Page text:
Courtesy of Jessie Snyder Jessie Snyder virtually participates in the Saint Mary’s annual Dance Marathon following the cancellation of the in-person event.The marathon, originally planned for April 4, was canceled as a result of Saint Mary’s move to remote learning through Easter break and eventually the rest of the semester. The decision to move the marathon virtually was made by the executive team who felt there had to be a marathon, no matter the conditions, senior club president Clare Carragher said. According to Carragher, the team utilized social media platforms like Instagram, FaceBook, TikTok and an updated website to provide sources of entertainment and information throughout the day.“We went live on Instagram at 10 a.m. with an opening ceremony — similar to the one held during a traditional marathon — explaining how people can participate throughout the day,” she said. Social media posts ran throughout the day on the same schedule as the traditional marathon. The posts consisted of Riley kid — patients at Riley Children’s hospital — miracle stories, video features of alumni nurses, pictures of participants’ 80’s decor to fit the theme of “Back to the ‘80s” and mini fundraising challenges. “The website was designed so people could come and go as they please and just provide some different forms of entertainment while we’re all quarantined in our houses across the country,” Carragher said. The virtual marathon allowed for dancers, committee members and executives to participate in and experience a marathon from across the U.S. Carragher said the virtual marathon allowed for the message and mission of Dance Marathon to be spread to an even greater audience as it was all over social media all day. “A lot of good things came out of the day and a lot of things that, I hope, can continue moving forward,” Carragher said. “Who knows where I will be a year or two down the road — so I would love for the option to check into the website and see the Riley family stories or watch the morale dance.”The committees worked in conjunction throughout the day to provide entertainment and keep the energy high, Carragher said. The morale dance, an eight minute line dance, is typically taught in segments throughout the day until it is performed by all participants at the end of the marathon. In lieu of this performance, the morale executives recorded themselves doing the dance all the way through. The morale committee girls then divided the dance into 11 mini tutorial videos that were posted throughout the day to social media. Participants were then invited to film themselves performing the morale dance and email the clips to the technology committee who then formed the final line dance with all the video submissions at the end of the night. Senior alumni relations executive Jessie Snyder was awarded this year’s Exec of the Year title by the president’s board for her success in leading the new committee. “Since it was a brand-new committee it gave me the opportunity to build into my own, I got to build it up from nothing,” Snyder said. The committee was formed in an effort to show thanks to alumni — many of whom have a passion and love for Riley that just doesn’t go away after graduation — and give them a way to still participate in Dance Marathon, she said. Participation in a virtual 12 hour event proved to be the biggest obstacle of planning the marathon, but both Carragher and Snyder commented on the pleasant surprise of seeing the community come together during an unprecedented time. “It wasn’t something we could have planned for but we were able to to turn a traditional marathon into something way bigger that was able to reach so many more people,” Snyder said. “If anything it brought us closer together and really proved the big impact that a small school like Saint Mary’s can have.”Tags: COVID-19, Riley Children’s Hospital, saint marys dance marathon, virtual The 15th annual Saint Mary’s Dance Marathon looked different from years past, as tri-campus community members gathered virtually Saturday rather than in Angela Athletic and Wellness Complex. The 12 hour marathon raises money for Riley Hospital for Children in Indianapolis.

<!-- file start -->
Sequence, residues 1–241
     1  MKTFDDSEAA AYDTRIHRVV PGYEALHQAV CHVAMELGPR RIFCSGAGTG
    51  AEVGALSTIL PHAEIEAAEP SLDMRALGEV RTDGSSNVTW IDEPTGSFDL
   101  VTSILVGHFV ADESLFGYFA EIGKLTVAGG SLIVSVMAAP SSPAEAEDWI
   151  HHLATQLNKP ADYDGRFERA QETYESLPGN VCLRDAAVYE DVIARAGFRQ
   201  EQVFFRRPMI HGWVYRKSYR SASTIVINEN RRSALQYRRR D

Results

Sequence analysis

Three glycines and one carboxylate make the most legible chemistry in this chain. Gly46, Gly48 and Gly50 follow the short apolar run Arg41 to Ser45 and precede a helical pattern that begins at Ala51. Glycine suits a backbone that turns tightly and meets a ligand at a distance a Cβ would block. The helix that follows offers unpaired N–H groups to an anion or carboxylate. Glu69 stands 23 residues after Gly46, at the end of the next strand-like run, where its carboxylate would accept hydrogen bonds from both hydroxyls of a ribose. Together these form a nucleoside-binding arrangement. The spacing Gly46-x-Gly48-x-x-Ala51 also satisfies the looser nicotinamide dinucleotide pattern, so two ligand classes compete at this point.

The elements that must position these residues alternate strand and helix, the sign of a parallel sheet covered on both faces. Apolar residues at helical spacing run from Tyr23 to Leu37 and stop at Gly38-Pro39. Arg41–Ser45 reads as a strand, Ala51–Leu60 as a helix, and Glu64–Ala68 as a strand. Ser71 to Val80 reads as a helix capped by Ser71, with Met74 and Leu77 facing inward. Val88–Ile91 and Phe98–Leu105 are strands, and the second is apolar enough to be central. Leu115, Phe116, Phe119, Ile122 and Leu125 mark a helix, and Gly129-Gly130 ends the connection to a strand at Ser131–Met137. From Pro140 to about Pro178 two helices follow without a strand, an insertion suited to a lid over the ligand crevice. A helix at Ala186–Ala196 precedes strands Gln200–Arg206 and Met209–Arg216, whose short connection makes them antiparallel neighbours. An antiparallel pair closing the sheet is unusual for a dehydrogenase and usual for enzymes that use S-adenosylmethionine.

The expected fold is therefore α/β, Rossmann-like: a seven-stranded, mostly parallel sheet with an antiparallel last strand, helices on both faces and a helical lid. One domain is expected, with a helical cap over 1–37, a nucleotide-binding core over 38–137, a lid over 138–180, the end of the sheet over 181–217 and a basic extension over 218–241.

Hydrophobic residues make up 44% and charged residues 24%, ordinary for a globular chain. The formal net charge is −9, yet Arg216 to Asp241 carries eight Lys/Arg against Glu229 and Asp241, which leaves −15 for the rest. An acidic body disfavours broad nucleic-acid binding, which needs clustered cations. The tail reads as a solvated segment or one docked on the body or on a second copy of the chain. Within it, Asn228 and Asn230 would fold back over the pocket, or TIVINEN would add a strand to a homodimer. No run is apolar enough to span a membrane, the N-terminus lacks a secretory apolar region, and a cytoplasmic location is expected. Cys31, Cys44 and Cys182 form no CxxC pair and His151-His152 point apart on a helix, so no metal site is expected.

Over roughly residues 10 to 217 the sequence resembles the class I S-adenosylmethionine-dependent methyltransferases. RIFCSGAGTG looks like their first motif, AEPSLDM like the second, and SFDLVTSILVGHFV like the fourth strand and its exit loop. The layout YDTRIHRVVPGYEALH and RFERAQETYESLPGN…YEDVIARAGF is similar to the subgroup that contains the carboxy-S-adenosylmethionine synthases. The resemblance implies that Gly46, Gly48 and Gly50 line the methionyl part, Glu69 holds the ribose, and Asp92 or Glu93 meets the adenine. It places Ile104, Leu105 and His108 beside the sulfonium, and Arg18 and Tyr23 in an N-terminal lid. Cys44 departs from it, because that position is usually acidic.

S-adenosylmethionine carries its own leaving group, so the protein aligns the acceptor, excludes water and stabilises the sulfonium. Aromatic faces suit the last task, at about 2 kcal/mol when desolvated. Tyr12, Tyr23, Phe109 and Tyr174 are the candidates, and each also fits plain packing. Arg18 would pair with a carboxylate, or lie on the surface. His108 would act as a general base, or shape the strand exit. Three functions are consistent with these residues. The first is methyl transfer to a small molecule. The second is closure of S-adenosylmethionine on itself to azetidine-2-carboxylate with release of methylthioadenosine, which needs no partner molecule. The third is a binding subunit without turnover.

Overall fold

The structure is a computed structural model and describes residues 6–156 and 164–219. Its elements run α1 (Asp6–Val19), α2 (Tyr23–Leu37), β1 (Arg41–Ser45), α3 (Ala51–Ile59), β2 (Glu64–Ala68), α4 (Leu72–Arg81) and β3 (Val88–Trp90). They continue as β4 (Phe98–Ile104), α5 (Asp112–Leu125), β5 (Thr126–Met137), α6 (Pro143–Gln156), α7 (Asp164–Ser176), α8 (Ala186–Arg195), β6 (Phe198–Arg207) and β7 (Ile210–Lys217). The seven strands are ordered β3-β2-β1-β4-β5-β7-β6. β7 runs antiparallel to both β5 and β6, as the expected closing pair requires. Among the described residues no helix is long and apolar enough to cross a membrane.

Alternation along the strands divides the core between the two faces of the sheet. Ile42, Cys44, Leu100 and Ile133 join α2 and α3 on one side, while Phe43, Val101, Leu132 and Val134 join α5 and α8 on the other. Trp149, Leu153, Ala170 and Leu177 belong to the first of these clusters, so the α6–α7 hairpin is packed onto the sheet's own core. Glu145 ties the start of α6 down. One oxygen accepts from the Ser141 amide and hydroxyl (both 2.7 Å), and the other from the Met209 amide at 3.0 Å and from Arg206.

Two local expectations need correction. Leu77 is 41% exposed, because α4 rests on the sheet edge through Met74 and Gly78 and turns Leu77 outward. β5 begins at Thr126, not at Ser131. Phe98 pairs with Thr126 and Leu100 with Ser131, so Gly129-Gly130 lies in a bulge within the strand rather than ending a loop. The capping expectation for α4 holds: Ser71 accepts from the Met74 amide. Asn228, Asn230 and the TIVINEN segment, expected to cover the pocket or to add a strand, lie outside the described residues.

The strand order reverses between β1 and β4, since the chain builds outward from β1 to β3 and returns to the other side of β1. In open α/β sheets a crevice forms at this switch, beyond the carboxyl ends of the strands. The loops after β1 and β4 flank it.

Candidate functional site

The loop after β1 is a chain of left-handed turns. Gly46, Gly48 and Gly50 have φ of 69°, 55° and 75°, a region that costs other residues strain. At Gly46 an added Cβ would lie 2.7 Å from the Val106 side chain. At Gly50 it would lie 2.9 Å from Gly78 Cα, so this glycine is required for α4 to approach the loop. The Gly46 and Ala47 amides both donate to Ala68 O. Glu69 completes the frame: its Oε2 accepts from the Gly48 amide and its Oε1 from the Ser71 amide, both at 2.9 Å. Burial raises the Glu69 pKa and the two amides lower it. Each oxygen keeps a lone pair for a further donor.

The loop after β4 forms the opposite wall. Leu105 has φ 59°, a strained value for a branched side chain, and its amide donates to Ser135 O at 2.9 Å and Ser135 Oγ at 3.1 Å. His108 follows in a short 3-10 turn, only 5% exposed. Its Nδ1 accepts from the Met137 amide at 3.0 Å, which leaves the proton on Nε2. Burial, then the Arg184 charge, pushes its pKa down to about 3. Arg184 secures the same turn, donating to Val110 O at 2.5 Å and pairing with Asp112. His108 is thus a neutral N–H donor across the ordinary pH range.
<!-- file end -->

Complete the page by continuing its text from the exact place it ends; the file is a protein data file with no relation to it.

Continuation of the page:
The Barbados-based Caribbean Institute for Meteorology and Hydrology (CIMH) says the onset of the wet season may be delayed by a few weeks in much of the Caribbean region.“By contrast, The Bahamas, Cuba, and French Guiana might be wetter than usual, with extreme wet spells being a potential concern for flooding and flash floods,” CIMH said, blaming a “quickly fading La Niña” which is associated with cooler-than-average sea surface temperatures, for the situation.In its latest Caribbean Climate Outlook Forum (CariCOF) outlooks for the period May to October this year, released Tuesday, the CIMH said heat discomfort, surface wetness and large water reservoir recharge rates related to wet spells may show a slower increase than usual.“However, dry spells and episodes of Saharan dust incursion may be frequent in Belize and the islands,” it added.CIMH said it continues to “see no drought concern developing throughout most of the region” with a drought watch however being issued for Antigua, north Bahamas, south east Belize, western Cuba, French Guiana, Guadeloupe, St. Maarten, St. Kitts, central Suriname, Tobago, Virgin Islands.It said copious rainfall during the wet season of 2017 and no large deficits having been built up since the start of the Caribbean dry season in most places, with south-eastern Haiti, north-western Guyana, south-western Jamaica, western-Puerto Rico being under long term drought, while north west Guyana is under short term drought.“Shorter term drought is evolving in coastal portions of Suriname, and might possibly develop in other portions of the Guianas. Long term drought is evolving in southeastern Haiti, and might possibly develop in Aruba, Bonaire and Curacao (ABC) islands, Antigua, western Cuba, northern and south-eastern Belize, coastal portions of French Guiana, St. Maarten, and portions of eastern Suriname.”The CIMH said that from May to July, night-time temperatures may be warmer than usual in ABC islands and the north-western Caribbean but cooler in the Lesser Antilles with the maximum day time temperature being cooler than usual from Trinidad southwards.“The hottest part of the year (August till early October) will likely be at least as warm as usual,” CIHM said, noting that “there will likely be less heatwave days than in most recent years across the region during this period.“Notwithstanding, there is a 15-20 percent chance for at least 14 heatwave days in Belize, eastern Cuba and Trinidad in the period May to July 2018,”it said, adding that “although there is the likelihood of a few heatwaves in many locations which may cause heat stress in human populations or livestock, the heat stress should be less acute than in most recent years.”